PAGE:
Panel creates subdistricts for 2 North Dakota reservations
BISMARCK, N.D. (AP) — The Republican-led committee rearranging the boundaries of North Dakota’s new legislative map decided Wednesday to separate House districts on two American Indian reservations in the state, a move tribal leaders believe will increase the odds for electing their own members to the Legislature.
The chairmen of two other tribes told The Associated Press that a lawsuit is likely because their reservations were not divided into so-called subdistricts in the newest map of legislative districts.
“We’re going to definitely challenge it and probably will do a lawsuit,” Standing Rock Sioux Chairman Mike Faith said.
Spirit Lake Chairman Douglas Yankton agreed. “We are all on the same page about redistricting,” he said.
The redistricting committee, which has 14 Republicans and two Democrats, voted 10-6 to create House subdistricts on the Turtle Mountain Indian Reservation in northern North Dakota, and the Fort Berthold reservation, in the heart of the state’s oil patch in the western part of the state.
The Turtle Mountain reservation is home to the Turtle Mountain Band of Chippewa and Fort Berthold is home to the Mandan, Hidatsa and Arikara Nation, also known as the Three Affiliated Tribes.
Those were the only tribes that occupy American Indian reservations in the state that had the needed population to qualify under the Federal Voting Rights Act for split House districts, which is about 8,450 people at present for each divided district.
A North Dakota legislative district now has one senator and two House members, each elected to represent the entire area. In a subdistrict, the senator would still represent the entire district. It would be split in half for House representation, with one House member representing each half.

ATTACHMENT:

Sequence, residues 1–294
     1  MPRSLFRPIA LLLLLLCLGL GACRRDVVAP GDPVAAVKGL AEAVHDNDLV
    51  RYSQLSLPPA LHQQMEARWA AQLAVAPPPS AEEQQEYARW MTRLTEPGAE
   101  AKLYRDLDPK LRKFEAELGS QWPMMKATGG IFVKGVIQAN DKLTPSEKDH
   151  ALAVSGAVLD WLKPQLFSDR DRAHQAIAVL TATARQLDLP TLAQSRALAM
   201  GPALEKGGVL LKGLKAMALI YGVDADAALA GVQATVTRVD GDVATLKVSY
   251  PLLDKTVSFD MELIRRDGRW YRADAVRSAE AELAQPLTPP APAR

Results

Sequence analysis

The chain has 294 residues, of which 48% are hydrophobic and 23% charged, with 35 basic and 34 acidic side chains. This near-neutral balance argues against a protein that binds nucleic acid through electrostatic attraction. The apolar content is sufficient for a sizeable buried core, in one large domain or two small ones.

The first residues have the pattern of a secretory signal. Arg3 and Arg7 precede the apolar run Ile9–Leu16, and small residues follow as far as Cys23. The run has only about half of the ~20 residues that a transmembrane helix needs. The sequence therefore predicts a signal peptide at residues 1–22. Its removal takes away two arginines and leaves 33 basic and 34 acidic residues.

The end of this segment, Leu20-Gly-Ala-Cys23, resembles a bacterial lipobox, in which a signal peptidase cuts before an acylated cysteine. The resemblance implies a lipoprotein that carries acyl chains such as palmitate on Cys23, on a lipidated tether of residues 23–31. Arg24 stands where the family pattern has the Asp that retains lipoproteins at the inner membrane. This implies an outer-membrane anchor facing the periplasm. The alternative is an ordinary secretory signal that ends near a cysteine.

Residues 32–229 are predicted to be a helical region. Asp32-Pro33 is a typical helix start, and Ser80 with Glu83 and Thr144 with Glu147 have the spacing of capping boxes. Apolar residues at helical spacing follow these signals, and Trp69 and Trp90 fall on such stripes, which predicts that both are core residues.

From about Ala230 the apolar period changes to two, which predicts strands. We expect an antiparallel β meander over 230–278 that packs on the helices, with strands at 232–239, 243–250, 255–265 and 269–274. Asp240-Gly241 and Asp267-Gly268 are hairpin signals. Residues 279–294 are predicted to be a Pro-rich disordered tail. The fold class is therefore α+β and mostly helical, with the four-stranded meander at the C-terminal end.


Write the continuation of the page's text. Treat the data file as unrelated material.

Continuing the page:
North Dakota tribal leaders appealed to lawmakers this month to split legislative House districts that include reservations.
North Dakota Native Vote Executive Director Nicole Donaghy has told the committee that subdistricts would allow “tribal members to elect the candidate of their choice.”
Donaghy told the AP she was disappointed the redistricting panel did not include Spirit Lake and Standing Rock Sioux tribes. Spirit Lake is in northeastern North Dakota, while Standing Rock straddles the North Dakota-South Dakota border.
“I know that Standing Rock and Spirit Lake are not protected under the Voting Rights Act,” said Donaghy, a member of the Standing Rock tribe. “But that doesn’t mean they shouldn’t have a subdistrict.”
The redistricting plan was drafted over the past several weeks and was largely finalized last week, creating three new districts in the state’s fastest-growing areas but erasing an equal amount in some rural regions. The task was required due to population shifts shown by the 2020 federal census.
The issue of split districts on reservations was a sticking point. Even some lawmakers who voted for the split districts did so grudgingly, believing it could fend off lawsuits.
Finley GOP Rep. Bill Devlin, chairman of the committee, told the AP that a legal challenge from tribes is not unexpected.
“We did our due diligence,” Devlin said. “Where there was population to create subdistricts, we created subdistricts. Where there wasn’t, we didn’t.”
During the Legislature’s redistricting effort in 1991, the Three Affiliated Tribes filed a federal lawsuit seeking to force lawmakers to create subdistricts on the Fort Berthold reservation. A judge dismissed the lawsuit, saying a subdistrict would lack a majority of American Indian voters.
The GOP-controlled Legislature will finish the redistricting job during a special or reconvened session this fall. The full Legislature must approve the plan, and the governor must sign off on it.